(Jump to 2:45 to skip the crowd socializing part…)
As Kevin Gianni explains in this video, you can get bulk mustard seeds from Mountain Rose Herbs, one of the top suppliers of bulk natural products: www.MountainRoseHerbs.com
#2 – Cole Slaw
Cole slaw is made out of one of the most powerful natural medicines in the food kingdom: Raw cabbage. (http://www.naturalnews.com/032377_c…)
Raw cabbage is a proven cure for stomach ulcers. It’s also an amazing anti-cancer food with that can help prevent (or even reverse) many types of cancer. Throughout the history of the civilized world, cabbage has been one of the most medicinal foods ever consumed. It’s also good for you when cooked (cabbage soup) or fermented (sauerkraut).
Check out this story we recently published about the astounding health benefits of fermented cabbage: http://www.naturalnews.com/033659_s…
Cabbage is rich in indole-3-carbinol (I3C), one of its many anti-cancer nutrients. Click here to read more about I3C: http://www.naturalnews.com/023081_i…
It’s best to make your own cole slaw at home, but if you purchase store-bought cole slaw, be sure to avoid processed ingredients often used in cheaper cole slaw recipes such as high-fructose corn syrup and canola oil (which is often GMO).
#3 – Cinnamon, cloves, rosemary, paprika and other spices
Nearly all the pungent cooking spices are actually powerful medicines.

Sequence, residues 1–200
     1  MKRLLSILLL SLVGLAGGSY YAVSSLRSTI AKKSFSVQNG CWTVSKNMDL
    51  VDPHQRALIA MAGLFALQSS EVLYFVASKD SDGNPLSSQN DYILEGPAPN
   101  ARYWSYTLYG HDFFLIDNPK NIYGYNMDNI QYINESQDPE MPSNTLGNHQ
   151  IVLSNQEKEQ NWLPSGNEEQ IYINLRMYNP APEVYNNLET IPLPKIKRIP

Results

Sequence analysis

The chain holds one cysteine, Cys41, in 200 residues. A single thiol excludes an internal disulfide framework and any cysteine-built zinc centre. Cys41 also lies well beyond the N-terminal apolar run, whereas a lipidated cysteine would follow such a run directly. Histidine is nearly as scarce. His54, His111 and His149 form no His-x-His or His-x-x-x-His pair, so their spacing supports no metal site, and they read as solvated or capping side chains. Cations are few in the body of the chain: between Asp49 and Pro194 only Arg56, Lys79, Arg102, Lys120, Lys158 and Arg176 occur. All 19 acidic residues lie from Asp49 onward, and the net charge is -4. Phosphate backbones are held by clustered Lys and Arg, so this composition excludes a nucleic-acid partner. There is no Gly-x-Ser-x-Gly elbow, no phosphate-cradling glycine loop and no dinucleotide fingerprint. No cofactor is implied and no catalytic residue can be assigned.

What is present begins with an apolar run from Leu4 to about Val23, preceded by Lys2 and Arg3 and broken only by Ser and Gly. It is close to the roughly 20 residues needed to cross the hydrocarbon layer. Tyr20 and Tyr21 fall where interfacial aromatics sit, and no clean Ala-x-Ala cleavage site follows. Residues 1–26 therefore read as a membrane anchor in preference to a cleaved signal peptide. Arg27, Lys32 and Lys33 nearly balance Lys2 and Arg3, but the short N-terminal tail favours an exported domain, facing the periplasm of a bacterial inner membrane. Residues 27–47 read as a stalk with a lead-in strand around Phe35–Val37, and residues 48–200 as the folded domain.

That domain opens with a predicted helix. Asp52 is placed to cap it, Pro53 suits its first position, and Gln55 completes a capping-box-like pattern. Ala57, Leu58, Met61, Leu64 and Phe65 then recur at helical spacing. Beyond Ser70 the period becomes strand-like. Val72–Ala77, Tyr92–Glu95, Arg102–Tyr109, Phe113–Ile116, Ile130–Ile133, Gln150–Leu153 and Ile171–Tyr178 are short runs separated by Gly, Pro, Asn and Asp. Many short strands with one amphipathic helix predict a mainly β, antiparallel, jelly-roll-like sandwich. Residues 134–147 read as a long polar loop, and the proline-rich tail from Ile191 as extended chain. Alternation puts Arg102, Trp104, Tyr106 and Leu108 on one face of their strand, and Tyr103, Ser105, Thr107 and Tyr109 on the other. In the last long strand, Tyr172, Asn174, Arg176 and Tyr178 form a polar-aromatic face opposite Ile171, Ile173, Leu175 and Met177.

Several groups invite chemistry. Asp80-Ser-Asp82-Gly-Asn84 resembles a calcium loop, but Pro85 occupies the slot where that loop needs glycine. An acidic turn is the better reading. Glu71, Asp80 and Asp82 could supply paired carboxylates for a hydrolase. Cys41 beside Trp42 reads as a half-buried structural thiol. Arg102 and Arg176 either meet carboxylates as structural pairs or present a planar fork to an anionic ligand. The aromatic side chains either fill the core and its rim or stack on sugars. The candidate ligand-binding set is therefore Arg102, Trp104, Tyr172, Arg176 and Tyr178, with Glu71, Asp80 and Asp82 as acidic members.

Cinnamon, for example, helps regulate blood sugar in diabetics (http://www.naturalnews.com/031133_c…). Cloves are the No. 1 source for the highest density of antioxidants found in the entire food supply. (Yes, they have a higher ORAC value than any other food or spice.) (http://www.naturalnews.com/028518_c…)
Rosemary is a powerful digestive tonic and internal detoxification herb. Ginger is legendary as an immune-boosting, circulation-enhancing tonic herb that’s also fantastic for beating winter colds and flu. Ginger even works to relieve muscle pain! (http://www.naturalnews.com/029986_g…)
If you’re into curry, then you’ll be glad to know that turmeric, the main ingredient in curry, is also an amazing source of natural medicines. It’s a powerful anti-cancer as well as an anti-inflammatory medicine. If you really want great pricing on curry powder and other spices in bulk, visit a Middle Eastern food store in your local area, where these aromatic spices are often sold at the best prices in town.